Fewer Brits moving Down Under: survey
Sydney Morning Herald
November 20, 2008 – 9:05AM
The number of British migrants moving Down Under has dropped, but Australia still remains the destination of choice for those leaving the UK, a new survey show.
Official figures released on Wednesday by the UK's Office of National Statistics revealed that just under 40,000 Britons moved to Australia in 2007.
The number was down by about 10,000 compared to 2006, in line with an overall fall in the number of Britons who emigrated overseas last year.
However out of all the countries British migrants chose to start their new lives, Australia remained top of the list for 2007 ahead of Spain, New Zealand, the United States and France.
Australia's popularity is expected to have continued into this year, with federal Immigration Minister Chris Evans last month revealing an increase in inquiries from potential British emigrants worried about a UK recession.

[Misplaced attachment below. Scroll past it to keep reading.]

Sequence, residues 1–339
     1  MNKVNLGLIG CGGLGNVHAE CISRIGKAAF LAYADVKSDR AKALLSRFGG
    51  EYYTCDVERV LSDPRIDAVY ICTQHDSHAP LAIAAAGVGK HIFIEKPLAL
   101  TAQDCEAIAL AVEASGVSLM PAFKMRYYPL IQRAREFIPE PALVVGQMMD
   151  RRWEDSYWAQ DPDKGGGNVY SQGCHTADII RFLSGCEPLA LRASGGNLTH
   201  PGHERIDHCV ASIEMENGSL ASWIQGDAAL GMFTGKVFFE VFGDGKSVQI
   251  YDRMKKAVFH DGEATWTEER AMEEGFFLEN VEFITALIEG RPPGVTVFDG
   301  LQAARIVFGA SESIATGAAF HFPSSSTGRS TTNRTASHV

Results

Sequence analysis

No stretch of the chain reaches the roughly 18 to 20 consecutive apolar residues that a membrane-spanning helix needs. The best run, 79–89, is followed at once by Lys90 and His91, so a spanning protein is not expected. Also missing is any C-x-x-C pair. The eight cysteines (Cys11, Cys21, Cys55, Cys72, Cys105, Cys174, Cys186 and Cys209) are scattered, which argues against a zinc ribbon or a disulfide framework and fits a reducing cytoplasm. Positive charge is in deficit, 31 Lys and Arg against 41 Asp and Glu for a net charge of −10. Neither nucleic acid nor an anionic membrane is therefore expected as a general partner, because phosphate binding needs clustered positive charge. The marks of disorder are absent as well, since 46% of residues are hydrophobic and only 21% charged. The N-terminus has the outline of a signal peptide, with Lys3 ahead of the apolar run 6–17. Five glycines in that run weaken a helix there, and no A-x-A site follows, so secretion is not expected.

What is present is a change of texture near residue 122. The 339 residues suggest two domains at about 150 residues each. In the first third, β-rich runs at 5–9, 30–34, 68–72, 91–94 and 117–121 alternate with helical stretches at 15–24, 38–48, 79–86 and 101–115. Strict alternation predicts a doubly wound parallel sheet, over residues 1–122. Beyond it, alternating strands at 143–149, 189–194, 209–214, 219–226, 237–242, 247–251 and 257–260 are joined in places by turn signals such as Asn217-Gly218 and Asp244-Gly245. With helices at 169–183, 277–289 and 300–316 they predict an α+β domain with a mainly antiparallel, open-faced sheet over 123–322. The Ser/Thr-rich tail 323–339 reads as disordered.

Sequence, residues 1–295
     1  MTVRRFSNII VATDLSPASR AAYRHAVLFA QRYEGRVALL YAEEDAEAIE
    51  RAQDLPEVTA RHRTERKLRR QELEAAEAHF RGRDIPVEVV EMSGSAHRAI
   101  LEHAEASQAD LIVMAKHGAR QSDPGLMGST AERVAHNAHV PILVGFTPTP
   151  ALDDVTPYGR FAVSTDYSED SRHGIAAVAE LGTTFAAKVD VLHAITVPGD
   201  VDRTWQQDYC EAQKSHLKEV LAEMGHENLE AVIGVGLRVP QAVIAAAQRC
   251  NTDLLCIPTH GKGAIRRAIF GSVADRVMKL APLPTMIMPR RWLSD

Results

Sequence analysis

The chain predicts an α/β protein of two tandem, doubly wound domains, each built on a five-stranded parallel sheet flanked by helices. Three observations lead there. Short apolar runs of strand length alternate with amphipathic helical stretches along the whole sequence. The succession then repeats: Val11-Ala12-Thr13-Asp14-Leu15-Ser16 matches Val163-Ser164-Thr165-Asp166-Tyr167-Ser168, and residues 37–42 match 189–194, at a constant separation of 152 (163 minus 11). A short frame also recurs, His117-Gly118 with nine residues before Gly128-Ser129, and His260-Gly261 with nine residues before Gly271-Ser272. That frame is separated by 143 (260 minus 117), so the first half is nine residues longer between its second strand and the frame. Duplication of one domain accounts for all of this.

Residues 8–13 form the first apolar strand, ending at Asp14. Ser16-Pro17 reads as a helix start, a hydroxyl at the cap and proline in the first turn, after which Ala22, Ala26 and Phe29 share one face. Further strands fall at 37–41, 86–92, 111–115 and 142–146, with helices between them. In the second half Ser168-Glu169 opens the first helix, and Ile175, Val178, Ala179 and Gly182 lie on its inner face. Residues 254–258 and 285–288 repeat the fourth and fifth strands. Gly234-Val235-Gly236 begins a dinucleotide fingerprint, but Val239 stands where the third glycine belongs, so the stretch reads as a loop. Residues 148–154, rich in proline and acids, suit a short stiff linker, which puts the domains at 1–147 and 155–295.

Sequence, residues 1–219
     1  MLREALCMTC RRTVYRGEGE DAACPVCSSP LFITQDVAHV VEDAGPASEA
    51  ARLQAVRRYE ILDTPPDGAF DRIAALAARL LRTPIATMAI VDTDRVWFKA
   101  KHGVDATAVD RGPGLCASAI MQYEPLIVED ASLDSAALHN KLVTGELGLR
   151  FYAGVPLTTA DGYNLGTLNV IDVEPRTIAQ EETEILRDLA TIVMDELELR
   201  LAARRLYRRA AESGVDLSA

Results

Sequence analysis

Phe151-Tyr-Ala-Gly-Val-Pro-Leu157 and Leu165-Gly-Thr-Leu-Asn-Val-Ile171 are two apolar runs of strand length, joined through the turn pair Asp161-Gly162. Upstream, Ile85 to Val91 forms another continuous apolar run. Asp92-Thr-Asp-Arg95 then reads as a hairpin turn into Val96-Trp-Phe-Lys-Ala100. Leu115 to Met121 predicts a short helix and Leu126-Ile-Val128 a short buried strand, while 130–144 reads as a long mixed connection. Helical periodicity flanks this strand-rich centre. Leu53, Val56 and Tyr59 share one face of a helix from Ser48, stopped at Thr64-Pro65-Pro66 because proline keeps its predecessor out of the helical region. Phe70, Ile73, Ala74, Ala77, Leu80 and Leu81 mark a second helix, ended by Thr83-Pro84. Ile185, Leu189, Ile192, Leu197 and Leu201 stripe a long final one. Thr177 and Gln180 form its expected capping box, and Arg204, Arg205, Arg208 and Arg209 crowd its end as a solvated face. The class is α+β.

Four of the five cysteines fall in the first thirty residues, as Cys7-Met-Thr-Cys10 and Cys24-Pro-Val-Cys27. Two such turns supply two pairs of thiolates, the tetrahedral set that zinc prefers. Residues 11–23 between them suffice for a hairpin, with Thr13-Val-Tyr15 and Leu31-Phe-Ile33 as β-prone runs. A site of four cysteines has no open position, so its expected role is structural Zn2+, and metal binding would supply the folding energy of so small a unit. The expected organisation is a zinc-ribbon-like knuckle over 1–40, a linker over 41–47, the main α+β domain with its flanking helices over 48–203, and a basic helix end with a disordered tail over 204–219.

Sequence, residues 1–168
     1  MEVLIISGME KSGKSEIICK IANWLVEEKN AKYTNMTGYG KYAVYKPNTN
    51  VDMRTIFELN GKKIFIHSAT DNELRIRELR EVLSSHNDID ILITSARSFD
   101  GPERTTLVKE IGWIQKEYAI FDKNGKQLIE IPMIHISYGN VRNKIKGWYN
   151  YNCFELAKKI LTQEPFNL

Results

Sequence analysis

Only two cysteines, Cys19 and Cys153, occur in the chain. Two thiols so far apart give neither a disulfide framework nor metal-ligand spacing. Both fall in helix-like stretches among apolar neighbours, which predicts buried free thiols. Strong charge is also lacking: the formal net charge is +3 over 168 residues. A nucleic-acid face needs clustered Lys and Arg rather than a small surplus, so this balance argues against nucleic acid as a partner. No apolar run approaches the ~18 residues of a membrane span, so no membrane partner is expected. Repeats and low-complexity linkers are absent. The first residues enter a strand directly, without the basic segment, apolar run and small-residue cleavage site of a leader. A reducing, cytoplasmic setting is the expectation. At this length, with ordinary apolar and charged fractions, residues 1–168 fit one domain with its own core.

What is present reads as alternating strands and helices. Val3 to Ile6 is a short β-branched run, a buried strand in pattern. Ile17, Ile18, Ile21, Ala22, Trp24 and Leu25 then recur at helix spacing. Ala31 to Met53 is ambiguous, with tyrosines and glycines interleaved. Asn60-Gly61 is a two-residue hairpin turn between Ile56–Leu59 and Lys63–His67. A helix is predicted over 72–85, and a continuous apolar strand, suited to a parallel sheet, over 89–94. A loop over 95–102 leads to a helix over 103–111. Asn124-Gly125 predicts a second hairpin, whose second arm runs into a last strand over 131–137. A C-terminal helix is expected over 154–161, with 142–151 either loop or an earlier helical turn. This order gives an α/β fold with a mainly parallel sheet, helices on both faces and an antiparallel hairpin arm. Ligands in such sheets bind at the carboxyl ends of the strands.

The ONS figures showed an overall leap in the number of people moving to Britain last year, sparking a political row over the nation's immigration controls.
Net migration – the difference between people moving from and to Britain – rose by 25 per cent to 237,000 people last year.
The result was due to emigration levels falling faster than immigration.
Out of the 577,000 people who arrived to live in Britain last year, the biggest group came from Poland (96,000).
The Conservative Party, which has called for a limit on the number of non-European Union migrants allowed to move to the UK, said the ONS survey showed immigration was out of control.
“Immigration can be of real benefit to the country but only if it is properly controlled,” shadow home secretary Dominic Grieve said.
“These figures betray a government that has completely lost control over the past 10 years.”
But Immigration Minister Phil Woolas said the introduction this month of an Australian-style points-based migration system was expected to have a major impact on future migration numbers.
“These figures predate our huge shake-up to the immigration system,” he said.
“Centre stage is our points system, which means only those we need and no more can come here to work and study and gives us the flexibility to raise or lower the bar according to the needs of the labour market and the country as a whole.”